Soil from Creek edge ???


Prolific Poster
Mar 26, 2006
Lexington, KY
I have a 50 gallon with plain gravel in it which I don't like. This is a low tech tank with plants, rocks, & fish. I will have 130 watts of CF lighting, 6700k.
I add small amounts of ferts once a week and Excel daily. I have been doing 25% water changes every 2 to 3 days because the tank is still cycling. It has 2 HOB filters which do a good job of keeping the water moving.
Ammonia has been staying around .25ppm now and Nitrite has been climbing.

I can't afford to go buy anything like substrate etc. right now so I just went down to a local creek and scooped up some soil from the edge.
Now what should I do with it? Should I add water to it and let it stand a while and then check the water parameters?
Should I flush it well with regular water?
should I add it to the top of the gravel?
Should I remove the gravel before adding it?
I suppose I need to remove the water from the tank before I add the soil to the tank being careful not to remove the mulm.

Thank you


Lifetime Charter Member
Lifetime Member
Jan 24, 2005
Sacramento, CA
That type of sediment belongs at the bottom of the substrate, in my opinion. So, you have to remove the existing substrate, add the sediment on the bottom, then put the old substrate back in place. I have done that and was very pleased with the result.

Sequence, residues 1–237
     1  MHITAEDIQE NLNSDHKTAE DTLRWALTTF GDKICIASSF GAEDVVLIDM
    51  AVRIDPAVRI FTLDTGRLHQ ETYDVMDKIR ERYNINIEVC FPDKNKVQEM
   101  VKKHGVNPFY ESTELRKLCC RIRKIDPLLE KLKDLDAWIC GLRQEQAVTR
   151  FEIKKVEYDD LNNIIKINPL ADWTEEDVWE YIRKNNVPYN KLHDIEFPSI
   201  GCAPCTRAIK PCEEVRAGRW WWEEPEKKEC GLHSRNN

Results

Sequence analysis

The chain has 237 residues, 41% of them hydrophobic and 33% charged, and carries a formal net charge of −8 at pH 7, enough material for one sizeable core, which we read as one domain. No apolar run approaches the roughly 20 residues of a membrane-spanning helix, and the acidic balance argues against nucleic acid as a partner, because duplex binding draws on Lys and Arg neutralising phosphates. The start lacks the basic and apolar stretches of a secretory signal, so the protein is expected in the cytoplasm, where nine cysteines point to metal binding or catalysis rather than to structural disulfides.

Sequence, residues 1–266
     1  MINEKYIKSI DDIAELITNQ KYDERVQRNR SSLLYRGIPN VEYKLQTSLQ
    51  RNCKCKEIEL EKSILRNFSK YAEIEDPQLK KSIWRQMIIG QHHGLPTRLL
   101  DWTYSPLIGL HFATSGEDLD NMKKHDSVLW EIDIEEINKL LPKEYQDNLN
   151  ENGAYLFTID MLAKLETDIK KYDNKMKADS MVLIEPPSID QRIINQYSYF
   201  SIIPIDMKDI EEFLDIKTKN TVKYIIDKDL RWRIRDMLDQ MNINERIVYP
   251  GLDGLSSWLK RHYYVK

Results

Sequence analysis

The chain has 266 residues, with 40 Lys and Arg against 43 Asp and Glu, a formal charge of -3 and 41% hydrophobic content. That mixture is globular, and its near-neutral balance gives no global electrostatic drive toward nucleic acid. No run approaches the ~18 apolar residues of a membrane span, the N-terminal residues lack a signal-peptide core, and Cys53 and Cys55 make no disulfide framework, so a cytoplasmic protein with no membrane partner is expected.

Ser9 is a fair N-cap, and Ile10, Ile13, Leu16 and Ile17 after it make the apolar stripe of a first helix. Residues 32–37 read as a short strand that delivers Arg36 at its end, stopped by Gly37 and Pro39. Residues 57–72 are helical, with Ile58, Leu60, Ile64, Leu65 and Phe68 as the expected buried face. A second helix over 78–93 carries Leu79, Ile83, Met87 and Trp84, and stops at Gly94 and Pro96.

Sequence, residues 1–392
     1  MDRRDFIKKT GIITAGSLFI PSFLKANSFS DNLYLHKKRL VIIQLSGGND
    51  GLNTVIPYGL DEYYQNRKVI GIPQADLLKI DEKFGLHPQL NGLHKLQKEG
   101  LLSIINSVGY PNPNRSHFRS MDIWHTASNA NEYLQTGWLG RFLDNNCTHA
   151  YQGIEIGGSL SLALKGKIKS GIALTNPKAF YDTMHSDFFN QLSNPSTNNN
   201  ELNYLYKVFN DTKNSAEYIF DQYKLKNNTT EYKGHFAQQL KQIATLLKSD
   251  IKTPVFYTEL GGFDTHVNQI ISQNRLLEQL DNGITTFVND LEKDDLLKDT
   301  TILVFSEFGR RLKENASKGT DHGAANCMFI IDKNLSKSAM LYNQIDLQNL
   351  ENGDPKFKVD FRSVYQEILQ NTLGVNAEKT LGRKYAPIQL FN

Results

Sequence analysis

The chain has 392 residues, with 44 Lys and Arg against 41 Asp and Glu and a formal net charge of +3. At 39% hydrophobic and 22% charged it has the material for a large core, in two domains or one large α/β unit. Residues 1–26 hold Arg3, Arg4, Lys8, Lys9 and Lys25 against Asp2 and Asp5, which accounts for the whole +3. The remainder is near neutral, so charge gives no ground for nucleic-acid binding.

Prolific Poster
Mar 26, 2006
Lexington, KY
So would I need to treat the creek soil or maybe bake it in the oven first? You are suggesting to put the regular plain gravel back on top. Is this correct?
Thanks VaughnH



Guru Class Expert
Jun 18, 2007
The soil is most likely going to be very messy. So keeping it under a layer of gravel will help somewhat. As long as the plants roots can get to it you should be okay. Let us know how it goes. I'd like to try it sometime as well. I'm not really sure about the baking it or anything, but I don't really see the harm. It may kill all the bad bacteria, but I have no experience in this area.

Tom Barr

Staff member
Jan 23, 2005
If you can, go out somewhere south of Lexington(Daniel Boone Forest etc), up in the hills, Red River Gorge etc, even out by the Dix river near the Lake, get some there, the richer red color clay is ideal, it might be a bit black but should reddened up.

Dix river is not too far and merges into the KY River there.
We owned land there a while back and donated it to the open space.
Elkhorn creek is good as well if you travel far enough out.

Soak sediment is a shallow pan for a while(3 weeks) with an inch of water over it.

Mix and screen well, then let settle for a day.
Allow to dry out good to a nice paste.
Then add with 3:1 Sand: soil.
Add 1" of this, then cap with 3" of sand.

Fill tank up very slow, and add zeolite to the filter and carbon.
do water changes 2x a week for a month and then weekly thereafter for a CO2 enriched method.
None for a non CO2 approach.

Tom Barr